Chantal Akerman

Split Screen: Belgian Cinema and Cultural Identity by Philip Mosley

In Split Screen: Belgian Cinema and Cultural Identity, author Philip Mosley makes a salient and illuminating re-evaluation of a bifurcated Belgian cinema, not only through the reality of a federal state characterized by a decentralized government and regional autonomy, but also irreparably marked by occupation and war, and divided by a cultural heterogeneity that has… read more »

Nothing Happens: Chantal Akerman’s Hyperrealist Everyday by Ivone Margulies

In Nothing Happens: Chantal Akerman’s Hyperrealist Everyday, Ivone Margulies provides a comprehensive examination of the minimalist visual imagery, deliberate pacing, and recurrent themes of disconnection, wanderlust, isolation, and longing that define Akerman’s intensely personal cinema. Citing Akerman’s penchant for filming the rhythm of everyday life, and her de-emphasis of unique and significant events, Margulies proposes… read more »

Tomorrow We Move, 2003

In the film’s droll, double entendred opening sequence, a breathless woman, Catherine (Aurore Clément), speaks off camera in dulcet, anxious tone as she provides a series of guiding, seemingly appetent directions against the image of a grand piano craned precariously overhead, culminating with a stray tear that falls from her cheek at the point of… read more »

From the Other Side, 2002

A young man stranded in a Mexican border town recounts the vivid and tragic story of his older brother who crossed the border with a group of illegal immigrants into the U.S. only to wander for days in the disorienting wilderness – each night piling together for warmth and protection, and each morning, fewer and… read more »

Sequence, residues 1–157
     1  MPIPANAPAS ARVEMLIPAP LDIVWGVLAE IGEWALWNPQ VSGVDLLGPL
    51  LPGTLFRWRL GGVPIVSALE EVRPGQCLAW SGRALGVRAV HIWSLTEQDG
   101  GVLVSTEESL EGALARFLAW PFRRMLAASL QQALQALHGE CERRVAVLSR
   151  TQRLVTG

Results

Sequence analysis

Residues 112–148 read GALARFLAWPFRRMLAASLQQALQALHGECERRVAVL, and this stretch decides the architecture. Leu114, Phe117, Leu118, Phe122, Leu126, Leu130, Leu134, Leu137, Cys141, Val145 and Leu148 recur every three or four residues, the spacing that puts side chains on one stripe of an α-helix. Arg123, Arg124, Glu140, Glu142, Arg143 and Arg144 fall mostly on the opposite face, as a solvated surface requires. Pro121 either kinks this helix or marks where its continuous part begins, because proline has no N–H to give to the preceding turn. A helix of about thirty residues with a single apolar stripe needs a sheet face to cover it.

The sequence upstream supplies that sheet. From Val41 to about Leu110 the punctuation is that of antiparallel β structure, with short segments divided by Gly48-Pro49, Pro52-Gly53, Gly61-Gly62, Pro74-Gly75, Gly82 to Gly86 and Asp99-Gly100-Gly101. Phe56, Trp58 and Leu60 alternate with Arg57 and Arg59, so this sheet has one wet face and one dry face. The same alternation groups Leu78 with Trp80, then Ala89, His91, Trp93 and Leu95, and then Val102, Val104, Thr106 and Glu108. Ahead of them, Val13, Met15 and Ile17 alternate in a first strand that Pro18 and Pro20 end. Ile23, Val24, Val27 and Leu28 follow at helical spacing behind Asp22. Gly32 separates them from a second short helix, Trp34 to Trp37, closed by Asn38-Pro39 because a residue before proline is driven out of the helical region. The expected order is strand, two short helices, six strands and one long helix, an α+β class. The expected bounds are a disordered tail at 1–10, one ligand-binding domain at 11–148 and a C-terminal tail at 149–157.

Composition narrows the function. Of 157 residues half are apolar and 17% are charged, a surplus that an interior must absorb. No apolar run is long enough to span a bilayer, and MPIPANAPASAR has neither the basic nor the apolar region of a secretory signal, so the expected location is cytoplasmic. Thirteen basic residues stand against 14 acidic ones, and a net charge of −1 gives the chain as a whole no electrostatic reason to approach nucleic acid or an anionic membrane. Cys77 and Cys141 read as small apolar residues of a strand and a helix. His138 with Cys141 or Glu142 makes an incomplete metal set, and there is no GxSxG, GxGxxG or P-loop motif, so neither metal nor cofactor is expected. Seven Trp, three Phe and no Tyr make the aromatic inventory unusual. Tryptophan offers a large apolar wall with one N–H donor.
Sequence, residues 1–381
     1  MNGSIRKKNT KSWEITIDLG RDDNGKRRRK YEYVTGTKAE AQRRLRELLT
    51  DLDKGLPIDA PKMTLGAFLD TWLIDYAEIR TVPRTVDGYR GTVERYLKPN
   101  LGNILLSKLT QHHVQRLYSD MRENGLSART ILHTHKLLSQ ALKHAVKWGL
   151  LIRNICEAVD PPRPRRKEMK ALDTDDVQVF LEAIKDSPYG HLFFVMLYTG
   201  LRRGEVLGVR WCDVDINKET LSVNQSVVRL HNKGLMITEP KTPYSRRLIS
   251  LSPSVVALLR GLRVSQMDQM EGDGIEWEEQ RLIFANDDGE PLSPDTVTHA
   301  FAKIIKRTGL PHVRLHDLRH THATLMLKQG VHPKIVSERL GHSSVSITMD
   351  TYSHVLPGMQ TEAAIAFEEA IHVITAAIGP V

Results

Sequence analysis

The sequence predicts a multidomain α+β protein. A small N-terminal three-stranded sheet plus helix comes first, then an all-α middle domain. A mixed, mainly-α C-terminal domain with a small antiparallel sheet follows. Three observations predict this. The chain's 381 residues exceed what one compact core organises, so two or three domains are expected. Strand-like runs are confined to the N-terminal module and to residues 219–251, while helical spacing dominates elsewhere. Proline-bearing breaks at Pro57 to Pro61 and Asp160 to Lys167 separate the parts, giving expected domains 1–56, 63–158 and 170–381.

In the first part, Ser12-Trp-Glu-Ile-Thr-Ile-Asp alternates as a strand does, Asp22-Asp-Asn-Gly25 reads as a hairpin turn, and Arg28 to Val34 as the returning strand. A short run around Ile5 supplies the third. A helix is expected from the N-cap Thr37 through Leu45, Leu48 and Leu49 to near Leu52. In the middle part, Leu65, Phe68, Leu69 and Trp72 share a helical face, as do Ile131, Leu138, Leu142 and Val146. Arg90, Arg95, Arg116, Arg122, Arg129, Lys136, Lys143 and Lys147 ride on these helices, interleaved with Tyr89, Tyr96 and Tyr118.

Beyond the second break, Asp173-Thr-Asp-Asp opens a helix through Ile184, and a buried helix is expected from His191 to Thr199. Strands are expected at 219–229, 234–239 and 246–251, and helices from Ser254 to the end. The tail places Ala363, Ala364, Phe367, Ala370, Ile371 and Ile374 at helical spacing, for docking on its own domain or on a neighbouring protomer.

La Captive, 2000

An outwardly fragile and introspective man named Simon (Stanislas Merhar) stands in a darkened room poring over an audioless film footage of a group of holiday revelers at a seaside resort in Normandy. Repeatedly cueing the film to the excerpt of a beautiful young woman, Ariane (Sylvie Testud) and a friend, Andrée (Olivia Bonamy) overlooking… read more »

D’Est, 1993

The opening image of D’Est is of an unhurried, stationary shot of a green hazed, obscured highway at twilight, as the intermittent hum and audibly shifting Doppler frequency of a distant, revving engine from an occasional traversing vehicle – some errantly never materializing on screen – provide the sole, false anticipation of a visual break… read more »

The Eighties, 1983

The decontextualized sound of a feminine voice repeatedly delivers the ambiguous, singular declaration, “At your age, grief soon wears off” against the dissociative sight of an extended duration black screen, as the unseen actress subtly modulates her articulated tone from somber resignation to pragmatic trivialization, to optimistic encouragement, and finally, to compassionate reassurance at the… read more »

Toute une nuit, 1982

Toute une nuit presents a series of brief, disconnected, near silent vignettes that capture the inherently intimate episodes that transpire throughout the course of human relationships. A woman (Aurore Clement) deliberates on placing a telephone call to an absent lover before deciding to hail a taxicab to his apartment. A man and a woman sitting… read more »

Les Rendez-vous d’Anna, 1978

Les Rendezvous d’Anna opens to a shot of an empty train station in an unspecified German city. In near silence, the passengers deboard a parked train and exit through the platform staircase, as a lone woman makes her way towards an empty telephone booth and stops to make a call. Moments later, she emerges from… read more »

News from Home, 1977

News from Home presents a series of abstract and fragmentary images of everyday urban life in 1970s New York City, accompanied by the distinctive narration of filmmaker Chantal Akerman as she dispassionately reads through her mother’s alternately affectionate, melancholic, and sincere, but maternally manipulative letters from her native Belgium. The film opens to the surreal… read more »